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Somaliland launches revamped Berbera Airport

By ABDULKADIR KHALIF, The East African

Somaliland, the self-declared independent region north of Somalia, on Saturday officially launched a renovated Berbera International Airport, seeking a slice of the growing aviation earnings in the region.

President Muse Bihi, alongside Somaliland government officials and a delegation from the United Arab Emirates (UAE), cut the ribbon, officially announcing that the airport, locally known as madaarka caalamiga ah ee Berbera, is open to commercial operations.

Somaliland President Muse Bihi Abdi (centre) cuts the ribbon at the launch of the renovated Berbera International Airport on November 20, 2021. PHOTO | COURTESY |
SOMALILAND GOVERNMENT

The airport is located a short distance off the port town of Berbera.

With nearly five kilometres of runway, the airport will have a new expanded passenger terminal, including the much-needed separation between arriving and departing passengers as well as the security separation from the airside.

Officials say they want the modernised airport to start attracting major airlines in the region.

With a major seaport, Somaliland hopes the airport could add to lucrative connectivity, aiding business with neighbours.

Ethiopia, which imports most of its goods through the Djibouti Port, had earlier expanded ties to Somaliland, having stakes in its ports. But under Prime Minister Abiy Ahmed, the policy shifted to Mogadishu where they signed four MoUs to develop ports, including those in Somaliland.

Somaliland, a self-ruling region of Somalia that has been seeking international recognition as a state independent from the rest of Somalia since 1991, is striving to achieve economic progress though relations with willing countries and institutions.

The United Arab Emirates and Taiwan (which China considers its territory) are some of the countries that have built relationships with Somaliland.

DP world, a leading ports operator from the UAE, has rebuilt and injected capital in the port of Berbera.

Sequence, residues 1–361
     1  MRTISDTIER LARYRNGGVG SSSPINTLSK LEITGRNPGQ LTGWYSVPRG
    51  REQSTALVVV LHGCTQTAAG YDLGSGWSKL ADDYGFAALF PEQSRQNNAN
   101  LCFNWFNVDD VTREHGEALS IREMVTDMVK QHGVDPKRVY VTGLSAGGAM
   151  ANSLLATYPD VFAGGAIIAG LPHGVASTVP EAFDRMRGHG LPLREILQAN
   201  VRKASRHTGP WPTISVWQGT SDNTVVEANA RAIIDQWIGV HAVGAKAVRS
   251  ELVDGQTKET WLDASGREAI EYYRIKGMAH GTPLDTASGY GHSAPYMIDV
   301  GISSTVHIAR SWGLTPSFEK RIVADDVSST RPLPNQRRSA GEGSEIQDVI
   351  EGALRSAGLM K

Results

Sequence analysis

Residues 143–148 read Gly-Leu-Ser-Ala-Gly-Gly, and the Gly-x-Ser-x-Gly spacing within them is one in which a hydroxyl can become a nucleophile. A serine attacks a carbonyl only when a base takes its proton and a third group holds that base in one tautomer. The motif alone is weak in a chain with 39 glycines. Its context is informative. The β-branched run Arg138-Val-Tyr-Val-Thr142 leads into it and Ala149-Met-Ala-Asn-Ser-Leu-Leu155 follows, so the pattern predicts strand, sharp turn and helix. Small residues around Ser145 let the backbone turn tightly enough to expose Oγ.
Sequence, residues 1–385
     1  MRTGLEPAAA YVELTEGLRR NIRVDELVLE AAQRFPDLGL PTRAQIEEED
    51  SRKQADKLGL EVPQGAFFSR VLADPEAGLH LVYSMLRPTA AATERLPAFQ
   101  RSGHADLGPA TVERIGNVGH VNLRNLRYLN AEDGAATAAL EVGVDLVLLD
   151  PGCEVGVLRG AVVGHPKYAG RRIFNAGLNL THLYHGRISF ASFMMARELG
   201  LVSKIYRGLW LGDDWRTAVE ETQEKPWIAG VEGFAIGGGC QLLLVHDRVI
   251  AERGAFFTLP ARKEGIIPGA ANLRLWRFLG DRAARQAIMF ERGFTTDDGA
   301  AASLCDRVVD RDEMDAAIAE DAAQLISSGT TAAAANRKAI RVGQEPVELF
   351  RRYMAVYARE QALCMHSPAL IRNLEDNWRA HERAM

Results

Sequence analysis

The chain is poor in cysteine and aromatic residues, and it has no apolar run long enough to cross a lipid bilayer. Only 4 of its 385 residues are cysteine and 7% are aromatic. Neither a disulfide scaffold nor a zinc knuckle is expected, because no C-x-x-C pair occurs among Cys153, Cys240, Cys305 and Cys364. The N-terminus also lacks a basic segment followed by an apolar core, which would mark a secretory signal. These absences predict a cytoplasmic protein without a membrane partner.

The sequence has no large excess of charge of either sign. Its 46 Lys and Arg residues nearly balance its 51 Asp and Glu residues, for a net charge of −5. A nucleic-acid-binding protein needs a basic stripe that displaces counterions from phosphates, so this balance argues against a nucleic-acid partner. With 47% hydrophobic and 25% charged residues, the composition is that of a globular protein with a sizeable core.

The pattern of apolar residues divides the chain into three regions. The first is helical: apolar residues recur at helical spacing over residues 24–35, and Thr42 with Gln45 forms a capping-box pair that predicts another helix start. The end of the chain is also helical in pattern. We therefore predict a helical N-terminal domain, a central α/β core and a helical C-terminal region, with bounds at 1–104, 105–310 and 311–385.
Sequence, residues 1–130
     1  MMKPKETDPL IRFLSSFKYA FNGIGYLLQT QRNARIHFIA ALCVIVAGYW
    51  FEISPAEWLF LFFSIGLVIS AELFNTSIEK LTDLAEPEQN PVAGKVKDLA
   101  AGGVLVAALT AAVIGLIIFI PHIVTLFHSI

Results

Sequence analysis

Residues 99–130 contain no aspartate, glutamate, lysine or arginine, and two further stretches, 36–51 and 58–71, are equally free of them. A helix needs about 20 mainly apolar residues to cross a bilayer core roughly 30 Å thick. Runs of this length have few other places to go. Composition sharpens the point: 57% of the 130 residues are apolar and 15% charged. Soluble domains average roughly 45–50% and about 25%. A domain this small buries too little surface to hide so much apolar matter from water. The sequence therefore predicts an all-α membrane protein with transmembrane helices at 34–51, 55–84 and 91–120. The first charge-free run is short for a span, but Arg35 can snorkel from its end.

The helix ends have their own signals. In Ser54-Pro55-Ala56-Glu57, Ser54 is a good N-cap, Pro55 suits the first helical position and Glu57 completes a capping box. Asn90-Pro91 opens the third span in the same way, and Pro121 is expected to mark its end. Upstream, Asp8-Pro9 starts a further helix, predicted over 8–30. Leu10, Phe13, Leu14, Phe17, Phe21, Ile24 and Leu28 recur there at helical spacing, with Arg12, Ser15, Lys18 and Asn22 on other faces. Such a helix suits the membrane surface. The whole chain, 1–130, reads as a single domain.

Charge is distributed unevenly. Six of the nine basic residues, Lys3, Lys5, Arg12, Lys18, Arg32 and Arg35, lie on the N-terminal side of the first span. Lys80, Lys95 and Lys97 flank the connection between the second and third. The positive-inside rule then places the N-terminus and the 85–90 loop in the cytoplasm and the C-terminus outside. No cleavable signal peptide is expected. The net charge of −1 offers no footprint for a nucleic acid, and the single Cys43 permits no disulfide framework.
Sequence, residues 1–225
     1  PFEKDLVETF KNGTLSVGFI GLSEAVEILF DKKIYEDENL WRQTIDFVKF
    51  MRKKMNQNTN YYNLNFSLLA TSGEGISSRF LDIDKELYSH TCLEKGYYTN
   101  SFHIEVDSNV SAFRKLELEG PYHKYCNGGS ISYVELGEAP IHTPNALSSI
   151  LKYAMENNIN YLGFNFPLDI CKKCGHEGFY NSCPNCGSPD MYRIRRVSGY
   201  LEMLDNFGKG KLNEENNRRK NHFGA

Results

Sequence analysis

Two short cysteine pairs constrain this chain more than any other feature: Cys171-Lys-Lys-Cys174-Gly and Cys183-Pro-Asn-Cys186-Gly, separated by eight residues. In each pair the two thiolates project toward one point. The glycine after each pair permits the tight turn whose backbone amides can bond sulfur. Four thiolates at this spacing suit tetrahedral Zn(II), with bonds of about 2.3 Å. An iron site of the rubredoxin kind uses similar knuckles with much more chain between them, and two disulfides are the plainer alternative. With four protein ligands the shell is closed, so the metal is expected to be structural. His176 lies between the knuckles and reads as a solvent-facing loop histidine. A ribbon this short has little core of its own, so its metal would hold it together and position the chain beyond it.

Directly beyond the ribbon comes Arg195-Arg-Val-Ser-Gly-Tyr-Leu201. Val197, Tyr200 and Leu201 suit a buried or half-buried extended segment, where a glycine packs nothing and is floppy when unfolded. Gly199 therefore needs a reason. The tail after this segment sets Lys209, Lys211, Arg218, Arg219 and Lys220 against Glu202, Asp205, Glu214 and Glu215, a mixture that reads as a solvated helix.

Officials from Transportation Infrastructure Services (TIS), a company that specialises in development and management, stated that the UAE had injected $55 million in rebuilding of the Berbera International Airport for passenger and cargo services.

“The capital was used for the rebuilding of the runway, lighting, entire building of the terminal and equipment, and installation of airspace services facilities,” the TIS officials stated, hinting that everything at the airport is automatic.

Bihi reiterated that Somaliland is a state fully geared to work with any government and institution in the world that is willing to cooperate on equal terms.

“Somaliland is ready to work with any country, whether rich or poor, big or small, that respects the independence of our country,” Bihi stated amid applause from a large audience.

As per initiative by the Somali government in the 1970s, the Berbera airport was initially built by the Soviet Union in mid-1970s, with a 4km runway. It was used for military and civilian purposes.

Somalia was then pro-Eastern European block during the East-West cold war rivalry.  Following the Ogaden war between Ethiopia and Somalia in 1977/78, the latter shifted to the West, and the Berbera airport was rented to United States Space Agency NASA in 1980 as an emergency landing site for the Space Shuttle.

The scheme, however, ceased when the military rule of the late General Mohamed Siad Barre stopped following the collapse of the central government in Mogadishu in 1991 as a result of insurgency. The rebel group that seized the northwestern regions, the Somali National Movement (SNM), declared Somaliland an independence state.

The uniqueness about Berbera is that it faces the Gulf of Aden and is a short distance from Bab-el-Mandeb, a strait between Yemen on the Arabian Peninsula and Djibouti and Eritrea in the Horn of Africa.

With a large number of commercial vessels plying between Asia and Europe, passing through the Red Sea and the Suez Canal, Somaliland intends to benefit from an Exclusive Economic Free Zone next to the Berbera port and airport, forming a gateway to commerce with the landlocked Ethiopia and other countries.

Source: East Africa

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